Monday, September 21, 2015
Iceland Day 11: Hella to Gullfoss
I inserted the above photograph of another 4x4 truck in Iceland from the Hella hotel parking lot (because I want to learn how to ford a river ... as a passenger). Then I watched a video (partially) and discovered that these vehicles can drive on top of the snow. The true definition of off roading. Until next time....
We searched long and hard for the most complicated Icelandic road sign where I was not pointing into the sun to photograph it. This one in between Hella and Gullfoss was a winner. There is a gravel turn out in front, if you see it quick enough to pull over, where one can read the map because that surely isn't going to happen when driving by at "90 kph".
Yet another remarkable waterfall in the middle of little vegetation and a seemingly flat landscape ... Gullfoss. This one had two tiers and produced enough mist to cause cameras to rust instantaneously.
The view of the upper tier was my favorite because it felt as if I could have been swept away into the current (not that I long for that to happen like some people who feel the pull of Niagara Falls, but there was a certain rush being that close to it).
I was standing behind a barrier when taking his photograph...
... he, however, was not.
We drove through the Golden Circle visiting the tourist destinations of Geysir and Laugarvatn Lake briefly (because they barely competed with the rest of the country in terms of magnificence) before reaching Þingvellir National Park (AKA Field of the Parliament or Parliament Plains). I enjoyed it here immensely. History dominates (and does not rely on fairies or trolls to tell it). It is not that difficult to imagine laws enacted, marriage licenses obtained, and people from all over the country traveling here in 1100 AD to camp and trade on the plains surrounding the Öxará River.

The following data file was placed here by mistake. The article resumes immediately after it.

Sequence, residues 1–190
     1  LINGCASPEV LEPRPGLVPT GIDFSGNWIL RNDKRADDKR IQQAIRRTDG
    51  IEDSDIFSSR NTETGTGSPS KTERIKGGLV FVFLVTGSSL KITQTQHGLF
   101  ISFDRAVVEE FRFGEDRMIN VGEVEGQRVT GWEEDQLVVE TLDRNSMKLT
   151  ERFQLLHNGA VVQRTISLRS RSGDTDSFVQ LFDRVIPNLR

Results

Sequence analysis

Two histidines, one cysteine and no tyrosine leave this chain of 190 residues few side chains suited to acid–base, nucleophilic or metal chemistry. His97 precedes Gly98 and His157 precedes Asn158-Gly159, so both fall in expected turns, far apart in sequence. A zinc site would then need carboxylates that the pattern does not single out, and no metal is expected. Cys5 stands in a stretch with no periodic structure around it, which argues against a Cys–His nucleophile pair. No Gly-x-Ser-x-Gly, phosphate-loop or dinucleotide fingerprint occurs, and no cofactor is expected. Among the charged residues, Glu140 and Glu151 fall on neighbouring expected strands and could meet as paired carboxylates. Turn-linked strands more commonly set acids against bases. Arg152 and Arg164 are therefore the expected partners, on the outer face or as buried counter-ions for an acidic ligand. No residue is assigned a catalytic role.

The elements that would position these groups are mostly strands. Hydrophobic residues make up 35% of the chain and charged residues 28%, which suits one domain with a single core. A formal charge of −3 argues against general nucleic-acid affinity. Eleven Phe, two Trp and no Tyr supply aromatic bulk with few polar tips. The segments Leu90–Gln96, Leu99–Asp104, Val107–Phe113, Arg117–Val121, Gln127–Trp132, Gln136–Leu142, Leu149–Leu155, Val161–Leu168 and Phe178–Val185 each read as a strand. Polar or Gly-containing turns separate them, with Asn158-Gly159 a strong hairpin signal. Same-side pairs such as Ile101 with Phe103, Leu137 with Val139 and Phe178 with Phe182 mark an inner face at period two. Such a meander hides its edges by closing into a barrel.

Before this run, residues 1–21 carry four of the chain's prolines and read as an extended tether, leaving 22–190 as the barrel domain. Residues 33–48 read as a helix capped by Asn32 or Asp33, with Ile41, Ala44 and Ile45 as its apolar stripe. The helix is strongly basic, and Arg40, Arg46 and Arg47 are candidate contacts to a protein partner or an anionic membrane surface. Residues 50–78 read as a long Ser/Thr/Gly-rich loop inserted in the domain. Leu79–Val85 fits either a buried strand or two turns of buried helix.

I was enamored with the boardwalk at Öxaráfoss. The precise cuts enabled rocks to jut out freely replicating the landscape in the distance or were zoomorphic in appearance.
I could not stop thinking about the Drowning Pool in the Öxará (Ax River). I have experience with water and accidental demise but not via execution. Between 1618 and 1749, eighteen women guilty of adultery and perjury, were known to have been placed into a sack, held down and drowned here. There was no way to adequately depict the history or emotion of this in photographs, but I would try on two separate occasions.
The falls below the Drowning Pool.
Ending on an upbeat note, I have a new goal before my next voyage to the Land of Fire and Ice: obtain my scuba certification and visit the Silfra fissure, known to have the "clearest water on earth." I too want my photograph taken touching both the Eurasian and North-American plates because this is the most unimaginable activity I could accomplish and never even knew it was a possibility.